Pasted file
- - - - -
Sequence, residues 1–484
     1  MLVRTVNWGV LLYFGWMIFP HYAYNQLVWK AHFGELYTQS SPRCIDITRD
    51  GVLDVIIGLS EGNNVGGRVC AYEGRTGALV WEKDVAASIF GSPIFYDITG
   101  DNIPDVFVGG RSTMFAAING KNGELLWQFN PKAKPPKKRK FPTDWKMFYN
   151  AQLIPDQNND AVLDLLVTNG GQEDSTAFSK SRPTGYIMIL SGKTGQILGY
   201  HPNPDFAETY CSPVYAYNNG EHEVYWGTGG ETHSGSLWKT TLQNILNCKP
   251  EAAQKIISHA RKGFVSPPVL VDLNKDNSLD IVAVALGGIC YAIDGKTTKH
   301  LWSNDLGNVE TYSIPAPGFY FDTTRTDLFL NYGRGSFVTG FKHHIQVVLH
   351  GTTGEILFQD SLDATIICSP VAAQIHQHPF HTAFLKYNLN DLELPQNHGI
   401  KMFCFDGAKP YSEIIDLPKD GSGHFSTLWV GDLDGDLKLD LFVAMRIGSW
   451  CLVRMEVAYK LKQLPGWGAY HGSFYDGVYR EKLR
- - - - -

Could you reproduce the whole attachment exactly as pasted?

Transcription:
Sequence, residues 1–484
     1  MLVRTVNWGV LLYFGWMIFP HYAYNQLVWK AHFGELYTQS SPRCIDITRD
    51  GVLDVIIGLS EGNNVGGRVC AYEGRTGALV WEKDVAASIF GSPIFYDITG
   101  DNIPDVFVGG RSTMFAAING KNGELLWQFN PKAKPPKKRK FPTDWKMFYN
   151  AQLIPDQNND AVLDLLVTNG GQEDSTAFSK SRPTGYIMIL SGKTGQILGY
   201  HPNPDFAETY CSPVYAYNNG EHEVYWGTGG ETHSGSLWKT TLQNILNCKP
   251  EAAQKIISHA RKGFVSPPVL VDLNKDNSLD IVAVALGGIC YAIDGKTTKH
   301  LWSNDLGNVE TYSIPAPGFY FDTTRTDLFL NYGRGSFVTG FKHHIQVVLH
   351  GTTGEILFQD SLDATIICSP VAAQIHQHPF HTAFLKYNLN DLELPQNHGI
   401  KMFCFDGAKP YSEIIDLPKD GSGHFSTLWV GDLDGDLKLD LFVAMRIGSW
   451  CLVRMEVAYK LKQLPGWGAY HGSFYDGVYR EKLR